One in four girls are sexually abused and one in six boys are sexually abused during their childhood. The scary reality is that in the majority of child sexual abuse cases, the child knows their abuser, and often times, they know their abuser VERY well. We have this false idea that a child predator is the creepy looking man that is just waiting to snatch your child. This couldn't be further from the truth. The real-life child predator can be your child's teacher, coach, friend, friends' parent, friends' older sibling, pastor, babysitter, mom or dads' friend, a family member, and the list goes on. 

A child predator typically knows the parents. In order to gain access to your child, they have to get through two major doors. Door number one and door number two are Mom and Dad. Once they have the parents trust, they have the child's trust.


  PTSD and Complex Trauma

by Teresa Joyce, NAASCA representative in the United Kingdom

It's a much talked about corundum and something that can be incorrectly diagnosed but experiencing these two mental health symptoms is so very different, post traumatic stress disorder is mostly as the result of a specific episode an individual subjected to the horror of rape or being witness to a horrific act or incident. All of which can take someone to a place of a complete breakdown with the outcome that mental health intervention is sorely required.

For the most, it can be related to a singular experience by the individual concerned which of course doesn't make it less horrendous. Even if experienced over a prolonged period of time i.e. soldiers returning home bringing with them the images they have been subjected to within a war situation, though it could have been experienced over a longer space of time whilst on deployment, it's a singular episode and unbroken.


  Complex Trauma


by Teresa Joyce, NAASCA representative in the United Kingdom

All abused children will reach a point in their life hopefully in which their painful memories will need to and are able to be addressed, a place where they will have to come to terms with the horrific atrocity that they were subjected to. The only unanswered question left can only be as to when?

The only one who is truly able to answer that question is that child, that inner child that until now has been in hiding away from the world and may not feel strong enough to do so just yet. The journey of going within to engage with that pain takes timing child abuse survivors around the world that I have engaged with have always related to that statement as to bring their truth, but also that we should never have truly underestimated that child's strength just look how far it has already taken them but yes it also takes time.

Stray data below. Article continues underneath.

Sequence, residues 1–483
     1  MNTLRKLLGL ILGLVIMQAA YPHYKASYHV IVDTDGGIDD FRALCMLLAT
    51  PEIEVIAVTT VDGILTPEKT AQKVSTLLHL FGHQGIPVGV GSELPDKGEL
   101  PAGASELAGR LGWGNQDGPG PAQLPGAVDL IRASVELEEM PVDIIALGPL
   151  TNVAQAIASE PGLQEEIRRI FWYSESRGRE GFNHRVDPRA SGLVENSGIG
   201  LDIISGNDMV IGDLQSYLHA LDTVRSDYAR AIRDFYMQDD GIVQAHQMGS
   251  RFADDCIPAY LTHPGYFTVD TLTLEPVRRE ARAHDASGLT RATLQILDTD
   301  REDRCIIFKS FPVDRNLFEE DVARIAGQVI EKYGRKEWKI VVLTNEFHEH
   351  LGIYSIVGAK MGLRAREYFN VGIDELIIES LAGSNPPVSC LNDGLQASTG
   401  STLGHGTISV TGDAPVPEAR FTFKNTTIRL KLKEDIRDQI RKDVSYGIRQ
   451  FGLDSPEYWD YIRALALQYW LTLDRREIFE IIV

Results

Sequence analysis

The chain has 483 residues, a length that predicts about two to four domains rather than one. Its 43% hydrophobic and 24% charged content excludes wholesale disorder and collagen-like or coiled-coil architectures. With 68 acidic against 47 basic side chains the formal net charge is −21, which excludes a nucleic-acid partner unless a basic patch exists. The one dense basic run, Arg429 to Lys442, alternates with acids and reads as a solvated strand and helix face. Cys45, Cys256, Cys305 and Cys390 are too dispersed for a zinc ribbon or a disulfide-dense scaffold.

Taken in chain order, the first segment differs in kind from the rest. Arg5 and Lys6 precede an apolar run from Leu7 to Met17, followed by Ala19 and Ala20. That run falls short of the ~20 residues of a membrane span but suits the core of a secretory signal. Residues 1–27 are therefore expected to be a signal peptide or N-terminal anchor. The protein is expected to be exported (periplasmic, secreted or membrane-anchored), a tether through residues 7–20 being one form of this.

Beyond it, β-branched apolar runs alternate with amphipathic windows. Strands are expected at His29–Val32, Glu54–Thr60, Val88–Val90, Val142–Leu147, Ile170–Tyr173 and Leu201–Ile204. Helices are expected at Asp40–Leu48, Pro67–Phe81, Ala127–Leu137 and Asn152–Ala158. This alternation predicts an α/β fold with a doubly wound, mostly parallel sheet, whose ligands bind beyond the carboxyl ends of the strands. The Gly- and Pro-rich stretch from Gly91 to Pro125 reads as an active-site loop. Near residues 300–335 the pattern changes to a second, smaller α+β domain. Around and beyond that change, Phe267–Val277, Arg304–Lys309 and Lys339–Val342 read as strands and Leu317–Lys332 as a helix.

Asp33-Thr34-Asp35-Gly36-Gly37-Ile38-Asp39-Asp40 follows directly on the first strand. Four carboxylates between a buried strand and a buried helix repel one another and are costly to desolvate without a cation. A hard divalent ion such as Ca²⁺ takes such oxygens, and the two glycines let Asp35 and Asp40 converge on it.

We will never really be able to feel that strength within until they connect with their inner child from the outside, but it will be the hardest thing that they will ever have to do by taking that first step it's like walking into the abyss.


Matt Carey speech -- The White Hat Ball
The Royal Lancaster Hotel
London -- Jan 19, 2019
  The White Hat Ball Talk
The Royal Lancaster Hotel, London
January 25, 2019

by Bill Murray -- #metooCSA

Matt Carey is from London, England (UK), a NAASCA family member who spoke recently at a major event, The White Hat Ball. We appreciate all his in our efforts, including a recent appearance as a 'special guest' on our "Stop Child Abuse Now" talk radio show.

Click here if you'd like to hear his interview:

Stop Child Abuse Now (SCAN) - 1908 -- Special guest Matt Carey -- Wed, 6/27/2018

As Matt explains, "It has been the years of working the 12 Step program, regular meditation, the life-changing support I’ve received from my fellow CSA survivors, and the expertise of several highly gifted professional therapists has helped me to change [my] inner narrative."

Matt also offered us a terrific article he wrote recently, "Trying to Make Sense of It All," describing what it was like, what happened and what it's like now.

Of his book, "A Small Boy Smiling," Matt writes, "My hope is that fellow survivors of trauma and addiction might find hope and encouragement to find the help they so desperately need to heal."


  What inspires followership? Trust, empowerment, and the truth.

by Matt Paknis

As a college football coach and then as a manager, responsible for overseeing and influencing the daily actions and behaviors of up to sixty people, as a sports captain in high school and in college and even as the president of the “animal house” in college when we became the first fraternity to return to campus housing after losing this privilege, and then working around for the globe with leaders to help them inspire followership, a few best practices emerged.

•  It's all about trust
•  Ownership and involvement
•  Address difficult and emotional issues constructively


  How To Talk To Your Kids About Sexual Abuse

Looking back on the Larry Nassar scandal, we spoke to experts about how to address these difficult issues with kids of all ages.

by Caroline Bologna